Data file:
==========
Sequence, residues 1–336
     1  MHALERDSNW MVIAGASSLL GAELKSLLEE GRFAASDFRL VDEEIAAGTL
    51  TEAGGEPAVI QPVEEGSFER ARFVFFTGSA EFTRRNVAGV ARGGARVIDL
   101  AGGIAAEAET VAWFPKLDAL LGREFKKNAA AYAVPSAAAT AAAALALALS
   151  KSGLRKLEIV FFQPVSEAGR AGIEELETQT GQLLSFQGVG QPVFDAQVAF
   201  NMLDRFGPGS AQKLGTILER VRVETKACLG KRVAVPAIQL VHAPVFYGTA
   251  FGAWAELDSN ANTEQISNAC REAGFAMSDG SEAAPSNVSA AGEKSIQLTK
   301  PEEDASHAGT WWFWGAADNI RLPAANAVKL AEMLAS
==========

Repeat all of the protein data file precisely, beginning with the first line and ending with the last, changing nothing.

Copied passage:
Sequence, residues 1–336
     1  MHALERDSNW MVIAGASSLL GAELKSLLEE GRFAASDFRL VDEEIAAGTL
    51  TEAGGEPAVI QPVEEGSFER ARFVFFTGSA EFTRRNVAGV ARGGARVIDL
   101  AGGIAAEAET VAWFPKLDAL LGREFKKNAA AYAVPSAAAT AAAALALALS
   151  KSGLRKLEIV FFQPVSEAGR AGIEELETQT GQLLSFQGVG QPVFDAQVAF
   201  NMLDRFGPGS AQKLGTILER VRVETKACLG KRVAVPAIQL VHAPVFYGTA
   251  FGAWAELDSN ANTEQISNAC REAGFAMSDG SEAAPSNVSA AGEKSIQLTK
   301  PEEDASHAGT WWFWGAADNI RLPAANAVKL AEMLAS